The easiest way to increase your standard of living or extend the life of your nest egg is to save money. Reducing the cost of anything keeps more money in your pockets. You can spend the savings on other things or keep it invested to generate more money for the future.
Time put into creating cost savings often offers a bigger and faster payoff than investing. In an average year you earn less than 10% from stocks. But that’s risky, and it takes time for the gains to compound. Savings are immediate, and often with a little work you save more than 10% on a lot of purchases.
A few years ago in the boom years I wrote that senior discounts at many businesses were becoming a thing of the past. As Baby Boomers aged they weren’t shopping around, and businesses didn’t feel a need to offer the traditional silver hair deals. They were phasing them out or significantly limiting them. The financial crisis reversed that. Now, many businesses want your business badly enough to offer discounts.
You don’t even have to reach the traditional senior age of 65 to reap some savings. Some savings are available to people as young as 50, and many discount plans kick in at 55 or 60.
I’ve compiled an extensive list of some discounts that are available to most of you. The highlights are listed here, but there are more on the members’ web site under the “Extras” tab.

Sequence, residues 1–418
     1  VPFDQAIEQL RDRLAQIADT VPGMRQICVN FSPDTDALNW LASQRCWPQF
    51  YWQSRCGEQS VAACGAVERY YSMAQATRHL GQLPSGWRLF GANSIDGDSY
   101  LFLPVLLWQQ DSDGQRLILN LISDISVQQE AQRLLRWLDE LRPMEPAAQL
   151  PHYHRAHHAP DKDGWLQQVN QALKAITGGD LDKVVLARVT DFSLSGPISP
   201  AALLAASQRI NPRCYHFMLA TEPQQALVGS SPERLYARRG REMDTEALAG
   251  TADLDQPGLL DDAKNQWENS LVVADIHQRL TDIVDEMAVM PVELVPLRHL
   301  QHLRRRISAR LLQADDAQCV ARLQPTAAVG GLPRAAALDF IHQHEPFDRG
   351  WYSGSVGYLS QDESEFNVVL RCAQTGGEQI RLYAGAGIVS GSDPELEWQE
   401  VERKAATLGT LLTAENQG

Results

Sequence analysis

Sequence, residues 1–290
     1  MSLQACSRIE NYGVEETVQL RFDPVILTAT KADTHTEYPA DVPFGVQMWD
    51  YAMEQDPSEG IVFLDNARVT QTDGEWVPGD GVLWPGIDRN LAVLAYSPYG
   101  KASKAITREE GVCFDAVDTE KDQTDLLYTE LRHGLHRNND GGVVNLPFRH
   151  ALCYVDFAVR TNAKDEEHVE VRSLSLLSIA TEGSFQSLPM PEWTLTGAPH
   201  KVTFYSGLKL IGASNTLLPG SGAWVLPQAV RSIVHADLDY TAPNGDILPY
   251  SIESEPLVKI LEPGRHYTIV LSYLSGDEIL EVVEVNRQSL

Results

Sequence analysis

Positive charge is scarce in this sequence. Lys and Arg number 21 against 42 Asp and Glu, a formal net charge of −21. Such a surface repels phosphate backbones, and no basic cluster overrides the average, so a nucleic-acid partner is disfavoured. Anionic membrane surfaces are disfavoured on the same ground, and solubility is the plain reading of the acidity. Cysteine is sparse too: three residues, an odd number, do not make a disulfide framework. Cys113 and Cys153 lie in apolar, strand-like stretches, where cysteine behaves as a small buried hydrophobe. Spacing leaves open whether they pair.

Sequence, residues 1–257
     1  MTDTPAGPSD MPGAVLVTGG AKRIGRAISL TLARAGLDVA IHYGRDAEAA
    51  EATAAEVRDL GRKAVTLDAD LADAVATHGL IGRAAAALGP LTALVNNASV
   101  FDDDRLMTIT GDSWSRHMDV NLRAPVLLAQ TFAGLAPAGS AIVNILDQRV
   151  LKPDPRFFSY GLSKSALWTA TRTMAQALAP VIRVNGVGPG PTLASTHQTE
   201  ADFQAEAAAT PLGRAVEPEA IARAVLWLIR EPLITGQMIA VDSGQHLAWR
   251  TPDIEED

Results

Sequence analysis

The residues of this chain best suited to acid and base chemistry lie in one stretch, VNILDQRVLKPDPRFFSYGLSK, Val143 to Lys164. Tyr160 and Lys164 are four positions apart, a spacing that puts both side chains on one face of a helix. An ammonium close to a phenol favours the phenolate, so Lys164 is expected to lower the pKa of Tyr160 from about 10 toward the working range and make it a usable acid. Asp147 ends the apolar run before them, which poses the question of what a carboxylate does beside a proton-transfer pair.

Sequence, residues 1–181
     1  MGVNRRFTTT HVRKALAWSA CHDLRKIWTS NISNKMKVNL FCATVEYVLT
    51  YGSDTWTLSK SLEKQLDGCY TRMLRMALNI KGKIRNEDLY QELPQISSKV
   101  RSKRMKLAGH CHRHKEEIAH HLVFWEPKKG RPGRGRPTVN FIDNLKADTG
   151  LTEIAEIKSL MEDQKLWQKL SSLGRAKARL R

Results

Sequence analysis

AARP likes to promote all the discounts available to its members, and there are a number of them. But most of them also are available through other membership groups. You don’t have to pay the $16 annual AARP fee and contribute to its political agenda to reap most of the discounts. Take a good look at the discounts available from AAA or any other membership you already have. These discounts are available regardless of your age and usually include car rentals, hotels, and some entertainment and restaurants.
Businesses often offer other discounts without any membership card once you reach a certain age. Some start their senior discounts as early as age 55. Some offer the discounts only on certain days of the week when business usually is slow. Here are a few examples:
? Best Western Hotels: 10% off
? Pathmark stores: 5% off every Tuesday
? Applebee’s: 15% off with Golden Apple card
? Chili’s: 10% off
? Banana Republic: 10% off
? Publix: 5% off every Wednesday
The savings are more readily available once you reach age 60 or 65. The senior savings aren’t always well-advertised. You have to ask, and you should poke around web sites or use other information sources to learn what’s available. The discounts can change. The ones I list here and on the web site were available when I compiled them. They can change, and others can be added at any time.
Also, look into frequent customer and other memberships. Some people don’t like them, because the businesses compile more information about you. But they use the information to offer you better deals on things you want. When you patronize a business regularly and it has a frequent customer program, it usually pays you well to join.
RW September 2013.